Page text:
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View Full Version : How's this shooting? Criticism welcome


Mr_Monkeywrench
07-23-2012, 9:57 PM
Hey guys, I went to the range today and decided to try to work on my accuracy. Here's a pic of the target that I was using. The center target was done at 15 yards with 10 rounds. Bottom left was at 20 yards with 18 rounds. Bottom right was at 25 yards with 13 rounds.

I was using a Sig Sauer P229 9mm winchester white box 100 round value pack. These were all single action shots free standing (no rest). Let me know if there's anything I can do to improve my groups. Thanks.

http://i1036.photobucket.com/albums/a450/Mr_monkeywrench/Calguns%20pics/DSCN1016.jpg

bigmike82
07-23-2012, 10:22 PM
If you're shooting for tight groups, work on your technique more. Your middle target is okay except for the vertical outliers. The rest are likely due to incorrect grip or jerking the pistol.

See this for more info:

http://www.centerfiretraining.com/id15.html

What I would do is shoot slowly (no more than one round every five seconds or so), relax your grip (IF you feel your pistol shaking even a little bit), relax in general and *slowly* squeeze the trigger. That helps me a lot, anyway...your mileage may vary.

Most importantly, however, virtually all those shots are center mass so don't be discouraged. Work on the basics (over and over and over and over again), and you should see those groups tighten up.

Mr_Monkeywrench
07-23-2012, 10:37 PM
Thanks for the advice. I did notice my hands shaking. I have an issue with that. Doc said I can take med to chill it out, but Ill pass until I go Michael J. Fox. For now I'll practice until I get it right. I was shooting in kind of a quick repetition....Sights on target, fire, reset, sights on target, immediate follow up shot, reset, continue... I did this until I spent the mag.

I guess I should slow down my shots and maybe grip a little lighter to compensate for the shaking.

Thank you.

9mmepiphany
07-24-2012, 10:15 AM
It is hard to make suggestions without seeing you shoot or at least seeing a picture of the grip you are using.

As a generalization, it does appear they you are over gripping the gun and likely tightening the grip of your strong hand as you press the trigger.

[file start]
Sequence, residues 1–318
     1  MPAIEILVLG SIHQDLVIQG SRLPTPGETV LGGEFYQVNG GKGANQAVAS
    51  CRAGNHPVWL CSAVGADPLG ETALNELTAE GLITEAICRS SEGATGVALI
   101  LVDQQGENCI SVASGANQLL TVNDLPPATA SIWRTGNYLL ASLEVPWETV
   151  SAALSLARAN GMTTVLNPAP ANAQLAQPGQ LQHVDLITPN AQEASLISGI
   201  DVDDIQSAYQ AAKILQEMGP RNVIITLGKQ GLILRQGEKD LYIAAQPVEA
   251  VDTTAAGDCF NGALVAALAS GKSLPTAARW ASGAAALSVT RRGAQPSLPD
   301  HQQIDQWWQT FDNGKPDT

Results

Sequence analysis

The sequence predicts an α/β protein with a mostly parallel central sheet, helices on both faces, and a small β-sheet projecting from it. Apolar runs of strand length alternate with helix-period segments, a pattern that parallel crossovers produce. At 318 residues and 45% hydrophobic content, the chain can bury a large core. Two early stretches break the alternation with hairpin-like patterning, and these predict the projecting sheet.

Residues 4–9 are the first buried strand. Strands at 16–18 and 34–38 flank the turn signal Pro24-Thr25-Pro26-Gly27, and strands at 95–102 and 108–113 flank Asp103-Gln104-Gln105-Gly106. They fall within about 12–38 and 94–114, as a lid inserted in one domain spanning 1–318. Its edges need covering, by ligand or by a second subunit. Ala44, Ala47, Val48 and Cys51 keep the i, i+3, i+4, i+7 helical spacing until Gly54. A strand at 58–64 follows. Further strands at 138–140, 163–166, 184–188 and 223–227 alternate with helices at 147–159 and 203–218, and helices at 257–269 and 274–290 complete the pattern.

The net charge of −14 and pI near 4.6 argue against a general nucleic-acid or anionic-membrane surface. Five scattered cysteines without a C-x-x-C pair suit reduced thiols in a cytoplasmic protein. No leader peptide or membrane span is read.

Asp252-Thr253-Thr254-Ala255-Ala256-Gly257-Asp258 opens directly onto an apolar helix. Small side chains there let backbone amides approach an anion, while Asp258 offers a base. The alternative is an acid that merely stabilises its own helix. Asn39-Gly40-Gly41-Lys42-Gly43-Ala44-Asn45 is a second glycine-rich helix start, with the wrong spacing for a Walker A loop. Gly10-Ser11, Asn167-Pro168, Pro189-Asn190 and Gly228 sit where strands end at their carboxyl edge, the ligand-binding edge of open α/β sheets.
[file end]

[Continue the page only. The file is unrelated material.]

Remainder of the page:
Which thumb position are you using?

I was shooting in kind of a quick repetition....Sights on target, fire, reset, sights on target, immediate follow up shot, reset, continue... I did this until I spent the mag.
That isn't a bad cadence, but I'd limit my strings of fire to 3-5 rounds

Shenaniguns
07-24-2012, 10:31 AM
Are you sure that's yards and not feet? Brea's indoor range only goes to 50 feet.

The Virus
07-24-2012, 11:16 AM
If you are wanting to be a bullseye shooter then it sucks.
If you are concerned with defense it looks like they would all be combat effective.

jakuda
07-24-2012, 2:21 PM
At 25 yards, learn to shoot through your shaking hands. At 25 yards, let the target be blurry and just focus on sight alignment. Ignore where the sights are in relation to the black bullseye, and focus on your trigger pull. Once you start the pull, finish it smoothly, or put down the gun and reset.

Try shooting at 25 yards on a completely blank target (shoot on the blank side of a normal target). Just aim at the middle of the paper; don't try to aim for a hole. You'll find you can group pretty well. The bullseye just serves as a distraction to try to snatch a perfect shot.

(note, that all this advice is from a bullseye shooter point of view, focusing on fundamentals, not speed and tactical)

9mmepiphany
07-24-2012, 2:36 PM
Are you sure that's yards and not feet? Brea's indoor range only goes to 50 feet.
If those distances were feet instead of yards, I'd say your grip needs a lot of tweaking.

I just worked with a client this last weekend, whose groups went from 8" to 3" by just tweaking his grip and with some trigger control work we got it down to dropping the round son each other at 5 yards (15')

Shenaniguns
07-24-2012, 2:50 PM
If those distances were feet instead of yards, I'd say your grip needs a lot of tweaking.

I just worked with a client this last weekend, whose groups went from 8" to 3" by just tweaking his grip and with some trigger control work we got it down to dropping the round son each other at 5 yards (15')


I had a hunch that someone asking those questions is relatively new to shooting and that shooting at 25 yards for a new untrained shooter is not easy.

tbc
07-24-2012, 3:43 PM
Are you sure that's yards and not feet? Brea's indoor range only goes to 50 feet.

How do you know it's Brea's indoor range? :)

OP,
just FYI, the black circle on your target at 25 yards away from you is smaller than the white dot of your front site.
Still nice groups though. :)


Sent from my iPhone

Shenaniguns
07-24-2012, 3:51 PM
How do you know it's Brea's indoor range? :)

OP,
just FYI, the black circle on your target at 25 yards away from you is smaller than the white dot of your front site.